story about his favorite radio station while growing up, listed a number of the then-anchors at WCBS in the 1970s and made it a point to say "That whenever the end of the world comes, he wants to hear it reported by Bill Fahan!" Indeed, he had that kind of authoritative voice.
Heartfelt condolences to Bill's beloved wife, Joyce, his daughter, Robin, son, Terry, and the other Fahans whom I've unintentionally overlooked!
forget the history...
the profit margin isn't big enough
"...and the signal is clear, strong...unsettling."
by Phil Rosenthal, Chicago Tribune. HERE
Part memoir, part history, this is the incredible
story of Newsradio 88's helicopter fleet and its pilots
RITA SANDS' SCRAPBOOK(S)
Former WCBS anchor Rita Sands gives us dozens of candid, behind the scenes Newsradio88 snapshots from her own collection dating back to the 70s and 80s. They're presented here in slideshow form:
new page consolidates and adds to previous
entries on the history of WCBS
WCBS MEMENTO GALLERY
A collection of WCBS souvenirs, program schedules, artifacts, pictures, posters, old ads, memorabilia, hats, clothes, kitsch, and just plain junk.
|Mitch Lebe, budding announcer
Dedicated to Newsradio 88's younger,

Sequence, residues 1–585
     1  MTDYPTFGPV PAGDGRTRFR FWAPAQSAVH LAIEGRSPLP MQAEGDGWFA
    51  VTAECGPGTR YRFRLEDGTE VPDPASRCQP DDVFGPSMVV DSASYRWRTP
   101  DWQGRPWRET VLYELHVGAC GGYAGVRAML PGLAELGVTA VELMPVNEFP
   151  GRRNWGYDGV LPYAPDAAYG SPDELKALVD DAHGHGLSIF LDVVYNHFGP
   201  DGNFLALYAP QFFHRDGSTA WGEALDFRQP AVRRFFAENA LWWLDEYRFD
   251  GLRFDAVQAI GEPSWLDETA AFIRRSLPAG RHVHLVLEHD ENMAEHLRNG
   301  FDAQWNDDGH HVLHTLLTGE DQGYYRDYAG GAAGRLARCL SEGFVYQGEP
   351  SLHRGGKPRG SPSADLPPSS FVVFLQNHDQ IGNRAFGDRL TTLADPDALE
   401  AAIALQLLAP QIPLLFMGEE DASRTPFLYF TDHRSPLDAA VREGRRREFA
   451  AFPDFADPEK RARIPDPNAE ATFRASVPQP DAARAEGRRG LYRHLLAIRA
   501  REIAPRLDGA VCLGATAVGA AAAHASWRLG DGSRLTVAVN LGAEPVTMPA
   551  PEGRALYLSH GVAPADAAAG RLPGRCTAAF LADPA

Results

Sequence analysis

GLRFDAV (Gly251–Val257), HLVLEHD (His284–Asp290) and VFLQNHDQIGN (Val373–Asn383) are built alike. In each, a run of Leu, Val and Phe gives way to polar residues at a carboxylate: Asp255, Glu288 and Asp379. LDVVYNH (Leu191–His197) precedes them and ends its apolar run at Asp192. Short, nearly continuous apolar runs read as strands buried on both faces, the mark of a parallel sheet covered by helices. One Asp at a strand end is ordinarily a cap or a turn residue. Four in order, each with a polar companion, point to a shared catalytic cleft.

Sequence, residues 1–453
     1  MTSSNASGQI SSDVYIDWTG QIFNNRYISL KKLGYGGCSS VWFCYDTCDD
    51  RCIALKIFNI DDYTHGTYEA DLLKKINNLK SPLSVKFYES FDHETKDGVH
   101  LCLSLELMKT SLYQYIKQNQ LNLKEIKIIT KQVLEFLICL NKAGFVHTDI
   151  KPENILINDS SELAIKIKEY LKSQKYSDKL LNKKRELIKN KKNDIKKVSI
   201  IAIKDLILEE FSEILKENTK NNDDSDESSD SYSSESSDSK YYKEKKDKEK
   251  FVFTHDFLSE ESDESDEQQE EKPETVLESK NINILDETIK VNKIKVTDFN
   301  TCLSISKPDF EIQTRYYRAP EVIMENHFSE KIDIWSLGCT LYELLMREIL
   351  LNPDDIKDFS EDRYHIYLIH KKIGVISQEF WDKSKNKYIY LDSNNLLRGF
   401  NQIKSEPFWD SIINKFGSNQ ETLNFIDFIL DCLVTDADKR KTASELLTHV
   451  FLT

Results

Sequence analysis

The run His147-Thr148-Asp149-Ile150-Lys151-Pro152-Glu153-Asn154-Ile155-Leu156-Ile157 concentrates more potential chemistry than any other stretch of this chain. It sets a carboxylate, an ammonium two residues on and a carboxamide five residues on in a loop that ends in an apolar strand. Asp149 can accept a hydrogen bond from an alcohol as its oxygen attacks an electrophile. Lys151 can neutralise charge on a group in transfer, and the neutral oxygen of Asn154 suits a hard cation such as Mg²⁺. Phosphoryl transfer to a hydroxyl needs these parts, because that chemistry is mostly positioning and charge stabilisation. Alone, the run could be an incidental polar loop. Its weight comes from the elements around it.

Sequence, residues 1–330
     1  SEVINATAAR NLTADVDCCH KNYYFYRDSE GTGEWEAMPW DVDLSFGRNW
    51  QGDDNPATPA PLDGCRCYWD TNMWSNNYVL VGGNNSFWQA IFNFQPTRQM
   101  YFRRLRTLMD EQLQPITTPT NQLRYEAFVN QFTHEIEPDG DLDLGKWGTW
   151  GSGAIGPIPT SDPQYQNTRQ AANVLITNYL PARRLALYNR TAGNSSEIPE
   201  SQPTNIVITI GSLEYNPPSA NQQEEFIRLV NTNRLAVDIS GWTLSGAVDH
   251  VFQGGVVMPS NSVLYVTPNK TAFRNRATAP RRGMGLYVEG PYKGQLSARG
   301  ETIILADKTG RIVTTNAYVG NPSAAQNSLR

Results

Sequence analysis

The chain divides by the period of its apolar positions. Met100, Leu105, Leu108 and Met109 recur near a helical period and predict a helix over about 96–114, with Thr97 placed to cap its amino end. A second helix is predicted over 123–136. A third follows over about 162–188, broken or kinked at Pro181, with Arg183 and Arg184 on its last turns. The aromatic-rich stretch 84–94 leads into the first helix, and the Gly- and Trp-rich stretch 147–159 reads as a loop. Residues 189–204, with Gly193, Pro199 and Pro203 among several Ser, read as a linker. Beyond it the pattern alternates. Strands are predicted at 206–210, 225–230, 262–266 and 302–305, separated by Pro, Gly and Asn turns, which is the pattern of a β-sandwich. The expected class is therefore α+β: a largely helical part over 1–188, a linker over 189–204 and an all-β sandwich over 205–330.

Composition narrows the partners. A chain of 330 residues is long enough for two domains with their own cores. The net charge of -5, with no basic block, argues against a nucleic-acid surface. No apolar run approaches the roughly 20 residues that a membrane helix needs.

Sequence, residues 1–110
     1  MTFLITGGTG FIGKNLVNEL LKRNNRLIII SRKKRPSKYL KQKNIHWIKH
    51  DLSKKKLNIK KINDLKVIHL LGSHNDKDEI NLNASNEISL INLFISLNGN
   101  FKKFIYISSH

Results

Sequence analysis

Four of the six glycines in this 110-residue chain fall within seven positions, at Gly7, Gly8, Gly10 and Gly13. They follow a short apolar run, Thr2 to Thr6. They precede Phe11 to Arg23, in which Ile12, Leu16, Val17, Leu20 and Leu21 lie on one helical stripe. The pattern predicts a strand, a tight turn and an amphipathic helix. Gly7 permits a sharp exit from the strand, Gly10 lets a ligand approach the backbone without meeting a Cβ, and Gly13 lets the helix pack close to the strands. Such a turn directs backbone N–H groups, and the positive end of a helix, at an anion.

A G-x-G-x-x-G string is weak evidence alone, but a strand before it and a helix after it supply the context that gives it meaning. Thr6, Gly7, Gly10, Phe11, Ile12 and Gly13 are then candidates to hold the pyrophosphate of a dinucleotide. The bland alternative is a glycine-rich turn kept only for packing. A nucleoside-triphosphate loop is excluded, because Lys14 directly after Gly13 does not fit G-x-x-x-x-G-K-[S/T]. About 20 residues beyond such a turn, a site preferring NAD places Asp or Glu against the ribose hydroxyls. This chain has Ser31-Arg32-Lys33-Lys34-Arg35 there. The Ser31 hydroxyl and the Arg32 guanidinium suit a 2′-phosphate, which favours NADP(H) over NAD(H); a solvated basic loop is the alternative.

WCBS's UNLUCKY PHILLY SISTER STATION
REST IN PEACE
Renamed WPHT as a far right-wing talk station, it fails the Tiffany test, and is an embarrassment to the once-great CBS image.
NEW YORK MAYOR ED KOCH
FORMER NEWSRADIO 88 PRODUCER JERRY LEVIN FINDS SOLACE IN OPERA AND FAITH
Fidelio is Beethoven's only opera, the story of a faithful wife who rescues her husband from a political prison. "Fidelio is my story," said Jerry Levin, ex-WCBS, in 1985 shortly after his miraculous escape from Muslim extremist hostage-takers in Lebanon. Almost an opera story, Jerry's wife, Sis, crisscrossed the Mideast seeking her husband's release. The drama was made into a TV movie, Held Hostage, with Marlo Thomas as Sis and David Dukes as Jerry.
Sis Levin's book, Beirut Diary, describes Jerry's captivity and her efforts to gain his freedom.
Jerry says he treasures an article about him in the September 1985 issue of Opera News titled "To Freedom," in which Jerry compares Sis to Beethoven's Leonore and himself to Florestan.
After graduating from Northwestern, Jerry joined WCBS as a producer in 1967, where his hyperkinetic newsroom style involved wielding a ruler like a riding crop.
Following stints in Birmingham and Houston, he went to CNN, where he became chief of the cable channel's Beirut Bureau, leading to his capture by Hezbollah gunmen.
In captivity and in isolation for eleven months, Jerry played opera games in his mind while experiencing a spiritual reawakening.